- With everything that’s going on, amazingly, the Tokyo Summer Olympic Games have not been cancelled or postponed. The organizers appear to be in denial. There is no way they can go on as scheduled. Olympic officials in many countries have been calling for the IOC to cancel or postpone them. How are all the countries in lockdown supposed to hold Olympic trials to determine their teams? How are the athletes supposed to train, assuming they are even healthy enough to do so? Why would any of them want to travel to Japan at this time anyway?
- Australia, which has been practicing “social distancing,” was forced to close the famous Bondi Beach on Saturday after huge crowds of people gathered on the beach in defiance of the order.
- England closed all restaurants, pubs and bars. Rishi Sunak, Finance Minister, characterized the order as an “unprecedented measure for unprecedented times.” The government pledged to soften the impact on workers by paying them up to 80% of their wages. Furthermore, one London hospital declared it was running out of “critical care capacity” and was seeking to transfer some patients to other hospitals, which, of course, would put similar pressures on them.
- Many stores in the UK are running out of supplies. Several shelves in supermarkets have been empty. The government has issued an appeal to shoppers to refrain from hoarding. George Eustice, Secretary of State for Environment, Food and Rural Affairs, declared that “buying more than you need means that others may be left without…There is more than enough to go around.”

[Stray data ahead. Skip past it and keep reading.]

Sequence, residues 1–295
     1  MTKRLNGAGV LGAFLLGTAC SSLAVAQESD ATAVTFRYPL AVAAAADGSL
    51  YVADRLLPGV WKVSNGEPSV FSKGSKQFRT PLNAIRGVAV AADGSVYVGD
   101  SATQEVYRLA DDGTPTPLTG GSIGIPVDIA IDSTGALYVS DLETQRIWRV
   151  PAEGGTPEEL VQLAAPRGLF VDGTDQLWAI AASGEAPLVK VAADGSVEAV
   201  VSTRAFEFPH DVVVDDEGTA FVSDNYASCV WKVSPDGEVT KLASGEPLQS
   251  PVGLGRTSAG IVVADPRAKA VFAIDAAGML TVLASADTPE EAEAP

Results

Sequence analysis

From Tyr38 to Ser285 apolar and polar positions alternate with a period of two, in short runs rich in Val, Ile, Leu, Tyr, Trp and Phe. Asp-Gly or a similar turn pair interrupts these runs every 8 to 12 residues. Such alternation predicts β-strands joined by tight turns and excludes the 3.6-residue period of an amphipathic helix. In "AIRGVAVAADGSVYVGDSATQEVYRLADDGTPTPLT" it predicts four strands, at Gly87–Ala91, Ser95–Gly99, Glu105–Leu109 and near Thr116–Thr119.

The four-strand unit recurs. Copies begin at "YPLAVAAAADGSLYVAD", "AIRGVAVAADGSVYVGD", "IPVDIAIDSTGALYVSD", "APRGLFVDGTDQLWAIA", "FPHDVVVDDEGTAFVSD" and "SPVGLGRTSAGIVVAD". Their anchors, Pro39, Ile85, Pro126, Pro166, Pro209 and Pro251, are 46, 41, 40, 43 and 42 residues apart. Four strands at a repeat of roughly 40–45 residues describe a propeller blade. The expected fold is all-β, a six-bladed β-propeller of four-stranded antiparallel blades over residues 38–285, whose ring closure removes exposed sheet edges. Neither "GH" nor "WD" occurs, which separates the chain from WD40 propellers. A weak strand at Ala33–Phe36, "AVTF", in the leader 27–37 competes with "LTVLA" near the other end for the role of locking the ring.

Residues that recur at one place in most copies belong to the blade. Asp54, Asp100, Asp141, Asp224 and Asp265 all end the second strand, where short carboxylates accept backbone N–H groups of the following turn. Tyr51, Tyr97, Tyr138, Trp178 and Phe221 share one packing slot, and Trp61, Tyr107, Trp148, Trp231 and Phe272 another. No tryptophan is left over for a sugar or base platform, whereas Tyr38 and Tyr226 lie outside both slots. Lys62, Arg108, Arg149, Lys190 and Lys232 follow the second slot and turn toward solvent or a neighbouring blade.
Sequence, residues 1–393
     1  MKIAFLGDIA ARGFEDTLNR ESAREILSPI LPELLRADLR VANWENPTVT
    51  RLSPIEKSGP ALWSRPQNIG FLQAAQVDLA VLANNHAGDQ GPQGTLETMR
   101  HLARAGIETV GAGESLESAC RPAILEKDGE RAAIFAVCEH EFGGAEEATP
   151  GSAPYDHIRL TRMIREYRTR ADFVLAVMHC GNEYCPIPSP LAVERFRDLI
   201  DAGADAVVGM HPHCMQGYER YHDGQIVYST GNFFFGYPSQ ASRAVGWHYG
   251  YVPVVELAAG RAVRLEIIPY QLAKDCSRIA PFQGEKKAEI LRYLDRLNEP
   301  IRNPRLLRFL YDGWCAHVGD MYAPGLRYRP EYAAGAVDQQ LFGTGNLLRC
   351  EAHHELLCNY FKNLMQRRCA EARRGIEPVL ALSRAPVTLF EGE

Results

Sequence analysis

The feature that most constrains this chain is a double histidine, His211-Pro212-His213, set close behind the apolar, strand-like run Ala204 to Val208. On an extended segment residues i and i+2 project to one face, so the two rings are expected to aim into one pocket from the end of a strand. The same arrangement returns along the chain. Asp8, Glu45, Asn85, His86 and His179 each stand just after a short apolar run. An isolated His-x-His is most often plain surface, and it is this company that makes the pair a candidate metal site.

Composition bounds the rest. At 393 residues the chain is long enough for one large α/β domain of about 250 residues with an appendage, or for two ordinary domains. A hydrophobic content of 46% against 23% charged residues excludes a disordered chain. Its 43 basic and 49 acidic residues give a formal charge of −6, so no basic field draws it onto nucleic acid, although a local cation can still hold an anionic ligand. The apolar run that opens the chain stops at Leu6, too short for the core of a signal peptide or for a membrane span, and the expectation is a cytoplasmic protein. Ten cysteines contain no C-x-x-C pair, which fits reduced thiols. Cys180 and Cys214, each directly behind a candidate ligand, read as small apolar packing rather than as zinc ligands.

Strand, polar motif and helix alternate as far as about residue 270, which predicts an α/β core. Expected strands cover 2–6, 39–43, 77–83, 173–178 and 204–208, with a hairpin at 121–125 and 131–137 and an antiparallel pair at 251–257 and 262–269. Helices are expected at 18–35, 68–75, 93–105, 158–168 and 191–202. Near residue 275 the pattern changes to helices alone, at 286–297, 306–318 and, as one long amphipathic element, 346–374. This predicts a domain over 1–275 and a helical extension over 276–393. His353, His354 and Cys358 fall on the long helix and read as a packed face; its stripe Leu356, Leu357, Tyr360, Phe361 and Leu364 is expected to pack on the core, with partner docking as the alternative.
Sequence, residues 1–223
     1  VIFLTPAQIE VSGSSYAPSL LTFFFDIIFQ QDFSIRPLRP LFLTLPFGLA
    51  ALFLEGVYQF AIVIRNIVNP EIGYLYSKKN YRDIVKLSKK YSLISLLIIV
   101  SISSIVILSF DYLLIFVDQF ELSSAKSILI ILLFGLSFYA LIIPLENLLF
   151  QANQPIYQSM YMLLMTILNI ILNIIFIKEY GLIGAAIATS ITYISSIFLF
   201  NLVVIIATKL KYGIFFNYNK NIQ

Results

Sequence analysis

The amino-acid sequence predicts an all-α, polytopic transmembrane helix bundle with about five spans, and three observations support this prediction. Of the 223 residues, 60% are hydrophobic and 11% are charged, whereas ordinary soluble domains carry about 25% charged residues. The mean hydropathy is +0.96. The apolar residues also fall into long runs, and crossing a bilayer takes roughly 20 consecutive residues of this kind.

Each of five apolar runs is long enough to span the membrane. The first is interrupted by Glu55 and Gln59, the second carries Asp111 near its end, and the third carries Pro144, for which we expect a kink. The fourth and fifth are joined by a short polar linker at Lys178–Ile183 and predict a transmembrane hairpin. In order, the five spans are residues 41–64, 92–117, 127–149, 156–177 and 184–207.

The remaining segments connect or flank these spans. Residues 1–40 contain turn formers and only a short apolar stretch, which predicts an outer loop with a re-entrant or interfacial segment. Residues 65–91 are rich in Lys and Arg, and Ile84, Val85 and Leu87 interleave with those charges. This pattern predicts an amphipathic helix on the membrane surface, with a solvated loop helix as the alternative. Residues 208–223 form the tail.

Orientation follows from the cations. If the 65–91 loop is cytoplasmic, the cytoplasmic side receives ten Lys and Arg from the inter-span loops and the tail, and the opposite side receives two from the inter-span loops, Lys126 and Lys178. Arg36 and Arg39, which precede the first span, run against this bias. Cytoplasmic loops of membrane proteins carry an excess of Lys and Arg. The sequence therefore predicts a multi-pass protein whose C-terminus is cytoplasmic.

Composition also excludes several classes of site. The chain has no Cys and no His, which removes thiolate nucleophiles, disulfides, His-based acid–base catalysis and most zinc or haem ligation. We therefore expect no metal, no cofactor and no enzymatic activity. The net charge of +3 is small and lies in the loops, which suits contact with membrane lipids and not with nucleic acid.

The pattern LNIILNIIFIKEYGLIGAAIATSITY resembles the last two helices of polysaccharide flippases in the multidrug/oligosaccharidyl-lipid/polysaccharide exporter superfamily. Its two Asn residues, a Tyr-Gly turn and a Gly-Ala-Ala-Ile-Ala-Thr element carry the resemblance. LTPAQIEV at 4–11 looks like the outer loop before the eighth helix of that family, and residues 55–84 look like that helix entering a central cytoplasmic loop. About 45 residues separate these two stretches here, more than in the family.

- Egypt has closed all mosques for two weeks.
- Up to now, South America has largely escaped the pandemic. But, in a sign that that is about to change Colombia, Argentina, Costa Rica and other South American countries have instituted closures, lockdowns and restrictions on travel.
- Israel had been doing very well with only 883 cases and no fatalities out of a population of nine million. However, Friday it reported its initial death. I believe the circumstances portend an ominous situation. The victim was an 88 year-old living in a nursing home. Apparently, he had been infected by a social worker who had visited the home. Reportedly, several other residents have also been infected, so we can expect more fatalities.
- New guidelines from the Red Cross suggest that its relief shelters may have been unwittingly spreading the virus among some residents. So, it is now requiring (1) social distancing and (2) everyone to have their temperature taken.
- There is still the ongoing problem with cruise ships. Many of them are still stuck at sea with sick passengers and nowhere to dock. Those that have found a port, such as the Costa Luminosa and the Ruby Princess, which have docked in Savona, Italy, and Sydney, Australia, respectively, have infected passengers and have endangered the local populace.
- Tragically, seven members of one family in NJ were stricken with the virus, and four of them have died.
- There have been reports emanating from China, Italy and South Korea that men are more likely to die from the virus than women by a ratio of 2:1. The LA Times reported that men have accounted for 58% of the cases worldwide and 72% of the fatalities. Why? No one knows for sure, but one theory is that more men smoke than women and, perhaps, the smoking has compromised their lungs. Another theory is that estrogen is somehow acting to mitigate the effects of the virus.
Finally, some good news. We are beginning to see some instances of private industry “stepping up.” For example:
- Wall Mart has announced it will pay cash bonuses to its US workers.
- Darden Restaurants has declared it will pay two weeks wages to any of its 190,000 employees whose hours have been cut due to the pandemic.
Through all the bad news regarding this virus it is not easy to remain upbeat, but I urge you all to try to do so. This surge in cases and fatalities was predicted. We have beaten other pandemics in the past, and I believe that by pulling together we will beat this one too.
In the meantime, MAINTAIN YOUR “SOCIAL DISTANCE,” and WASH YOUR HANDS THOROUGHLY.